Given there’s a large amount (read: an incredible amount) of trust involved in allowing a someone-else (also known as an accredited third party) to do something once reading your data, the regulation is still evolving to answer “What’s the best way to do this in a safe and secure manner?”. The timelines for CDR action initiation are expected to be around 6-12 months away, to ensure a robust regulatory framework that can draw on the excellence of reading data and create fertile ground for action initiation use cases. You can see from the points above that conceptually it ties in with the existing rules around data sharing under the CDR.
An excellent proposal from the Data Standards Body (DSB)2 has presented some critical elements to combine the benefits of action initiation with the incumbent framework around CDR data sharing (and logically so). See Fig 1.0 below for similarities between an accredited data recipient and someone who can initiate actions.
The DSB is seeing Accredited Action Initiators as distinct from Accredited Data Recipients (green squares) and Action Service Providers as distinct from Data Holders. Rather than a Data Recipient, we have an Action Initiator which is a third-party entity accredited to initiate one or more actions within the regime. This Accredited Action Initiator (AAI) connects to a number of designated Action Service Providers (ASPs) that are similar to—or in many cases are—Data Holders. There is no definition around whether this will involve an additional accreditation model for now, however this will become clearer as the framework develops.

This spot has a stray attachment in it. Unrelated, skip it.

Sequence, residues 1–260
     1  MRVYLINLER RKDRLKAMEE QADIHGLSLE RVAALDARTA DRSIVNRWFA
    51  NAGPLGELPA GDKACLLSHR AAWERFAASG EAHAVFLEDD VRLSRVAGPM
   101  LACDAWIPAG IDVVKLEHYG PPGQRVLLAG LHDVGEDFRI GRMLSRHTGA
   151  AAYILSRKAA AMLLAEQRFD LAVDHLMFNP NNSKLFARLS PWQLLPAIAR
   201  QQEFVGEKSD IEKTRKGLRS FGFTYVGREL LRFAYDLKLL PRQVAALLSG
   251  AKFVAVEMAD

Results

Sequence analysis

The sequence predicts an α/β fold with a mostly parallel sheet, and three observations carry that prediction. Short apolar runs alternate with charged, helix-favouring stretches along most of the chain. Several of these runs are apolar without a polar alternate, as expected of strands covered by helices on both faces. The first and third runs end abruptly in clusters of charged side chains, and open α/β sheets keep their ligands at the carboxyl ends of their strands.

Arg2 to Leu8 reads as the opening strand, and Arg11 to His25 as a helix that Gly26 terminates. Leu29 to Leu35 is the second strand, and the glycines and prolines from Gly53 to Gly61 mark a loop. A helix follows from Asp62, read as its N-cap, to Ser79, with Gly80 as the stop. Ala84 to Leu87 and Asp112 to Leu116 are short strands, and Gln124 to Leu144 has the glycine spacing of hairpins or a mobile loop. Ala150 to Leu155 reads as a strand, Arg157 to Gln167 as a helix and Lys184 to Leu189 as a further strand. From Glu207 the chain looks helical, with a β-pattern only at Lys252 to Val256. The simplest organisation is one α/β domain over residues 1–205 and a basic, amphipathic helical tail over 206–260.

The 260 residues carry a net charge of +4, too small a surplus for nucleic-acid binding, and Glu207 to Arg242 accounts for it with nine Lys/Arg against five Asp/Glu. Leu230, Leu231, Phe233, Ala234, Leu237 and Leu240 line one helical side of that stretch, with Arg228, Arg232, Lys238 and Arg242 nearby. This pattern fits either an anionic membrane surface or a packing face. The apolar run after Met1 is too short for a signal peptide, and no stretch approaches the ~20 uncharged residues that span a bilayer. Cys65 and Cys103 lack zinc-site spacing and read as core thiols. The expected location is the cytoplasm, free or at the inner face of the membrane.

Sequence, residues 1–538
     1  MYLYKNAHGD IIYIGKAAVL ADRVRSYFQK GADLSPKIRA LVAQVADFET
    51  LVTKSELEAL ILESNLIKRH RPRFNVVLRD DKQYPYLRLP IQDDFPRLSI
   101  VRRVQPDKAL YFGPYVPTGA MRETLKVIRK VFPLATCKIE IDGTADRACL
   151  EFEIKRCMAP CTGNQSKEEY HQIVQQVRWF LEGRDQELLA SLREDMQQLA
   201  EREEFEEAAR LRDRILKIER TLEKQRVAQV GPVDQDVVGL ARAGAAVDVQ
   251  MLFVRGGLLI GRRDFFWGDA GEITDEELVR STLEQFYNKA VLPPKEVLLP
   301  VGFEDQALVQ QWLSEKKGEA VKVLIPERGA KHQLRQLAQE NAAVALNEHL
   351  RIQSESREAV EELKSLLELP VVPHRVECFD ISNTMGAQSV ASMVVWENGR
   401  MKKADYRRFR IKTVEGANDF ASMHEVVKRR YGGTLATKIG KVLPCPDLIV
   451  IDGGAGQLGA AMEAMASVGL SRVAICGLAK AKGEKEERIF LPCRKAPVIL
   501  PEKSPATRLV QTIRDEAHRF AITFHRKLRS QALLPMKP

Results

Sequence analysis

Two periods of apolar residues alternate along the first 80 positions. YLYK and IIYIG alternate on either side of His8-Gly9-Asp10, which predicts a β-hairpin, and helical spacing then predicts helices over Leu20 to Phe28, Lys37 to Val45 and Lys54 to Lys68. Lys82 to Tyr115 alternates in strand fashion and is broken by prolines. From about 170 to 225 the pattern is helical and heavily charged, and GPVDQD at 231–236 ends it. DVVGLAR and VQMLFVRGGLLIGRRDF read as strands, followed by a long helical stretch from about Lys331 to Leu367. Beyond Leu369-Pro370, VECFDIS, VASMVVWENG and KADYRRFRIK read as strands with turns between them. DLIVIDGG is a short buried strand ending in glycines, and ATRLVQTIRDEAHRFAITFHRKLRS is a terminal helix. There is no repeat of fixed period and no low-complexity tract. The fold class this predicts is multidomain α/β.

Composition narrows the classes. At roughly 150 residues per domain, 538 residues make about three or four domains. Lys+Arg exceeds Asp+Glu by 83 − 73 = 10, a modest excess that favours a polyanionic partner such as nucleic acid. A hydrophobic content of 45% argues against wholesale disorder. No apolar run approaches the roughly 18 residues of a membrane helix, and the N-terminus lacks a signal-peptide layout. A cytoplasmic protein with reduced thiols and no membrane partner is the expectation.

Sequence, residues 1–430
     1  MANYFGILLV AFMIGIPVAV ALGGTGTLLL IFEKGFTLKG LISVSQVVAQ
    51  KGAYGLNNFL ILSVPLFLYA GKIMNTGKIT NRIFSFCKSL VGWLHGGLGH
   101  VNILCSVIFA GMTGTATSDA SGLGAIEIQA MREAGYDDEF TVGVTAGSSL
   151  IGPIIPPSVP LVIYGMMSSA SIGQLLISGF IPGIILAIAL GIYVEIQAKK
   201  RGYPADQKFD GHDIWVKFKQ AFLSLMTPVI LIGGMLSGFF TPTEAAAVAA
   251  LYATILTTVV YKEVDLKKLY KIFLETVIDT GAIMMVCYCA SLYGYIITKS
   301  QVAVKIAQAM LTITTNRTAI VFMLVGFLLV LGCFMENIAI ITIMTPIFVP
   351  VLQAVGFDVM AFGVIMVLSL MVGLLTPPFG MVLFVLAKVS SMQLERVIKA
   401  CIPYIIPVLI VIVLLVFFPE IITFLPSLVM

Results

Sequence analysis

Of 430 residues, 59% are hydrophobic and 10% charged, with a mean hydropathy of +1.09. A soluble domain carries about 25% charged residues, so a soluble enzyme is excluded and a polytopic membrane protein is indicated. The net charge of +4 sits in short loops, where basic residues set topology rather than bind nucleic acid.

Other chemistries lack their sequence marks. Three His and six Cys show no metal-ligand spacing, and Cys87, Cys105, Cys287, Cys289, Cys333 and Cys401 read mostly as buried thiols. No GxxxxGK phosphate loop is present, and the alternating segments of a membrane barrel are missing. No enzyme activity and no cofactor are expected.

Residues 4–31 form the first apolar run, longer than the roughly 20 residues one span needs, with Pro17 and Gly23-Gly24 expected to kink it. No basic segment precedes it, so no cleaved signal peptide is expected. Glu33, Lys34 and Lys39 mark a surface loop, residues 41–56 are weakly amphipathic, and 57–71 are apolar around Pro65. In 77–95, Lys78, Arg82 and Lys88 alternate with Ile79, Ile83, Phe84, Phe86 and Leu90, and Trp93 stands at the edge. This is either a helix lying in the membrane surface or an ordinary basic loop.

A notable call out is that an Accredited Action Initiator is a ‘trusted third party’ that can act as a digital power of attorney to execute instructions on a consumer’s consented behalf (e.g. automatically sweeping money into a savings account once your salary is deposited).
The concepts above are a clear 1:1 relationship which suggests that it is likely that an accredited data recipient will become an accredited action initiator, with some additional steps to be defined in terms of additional accreditation. This clear comparison will help accelerate the amendment to Treasury and reduce an additional layer of complexity for those who want to share data and those who want to initiate actions.
Action initiation, or ‘write access’, represents an incredibly powerful and exciting next step for the future of the CDR. As Open Banking extends into embedded and open finance, action initiation will be lauded for its forward thinking nature and ability for a consumer to have even more control over their finances. This is an important next step toward autonomous finance – a concept you can learn more about in Basiq’s recent White Paper – “Four Use Cases for Open Banking’s Future”.
Finally, let’s not forget that CDR is extending out across other industry verticals, most likely the Energy sector next, followed by Telecommunications. The power of CDR data plus the ability to initiate actions across industry sectors will be huge! We are incredibly excited to see what companies can use this to their fullest extent once it is rolled out ????
- Data Standards Body – API Technical Standards Working Group – “Noting Paper – Action Initiation Framework“. Author: Mark Verstege. Published July 7th 2021.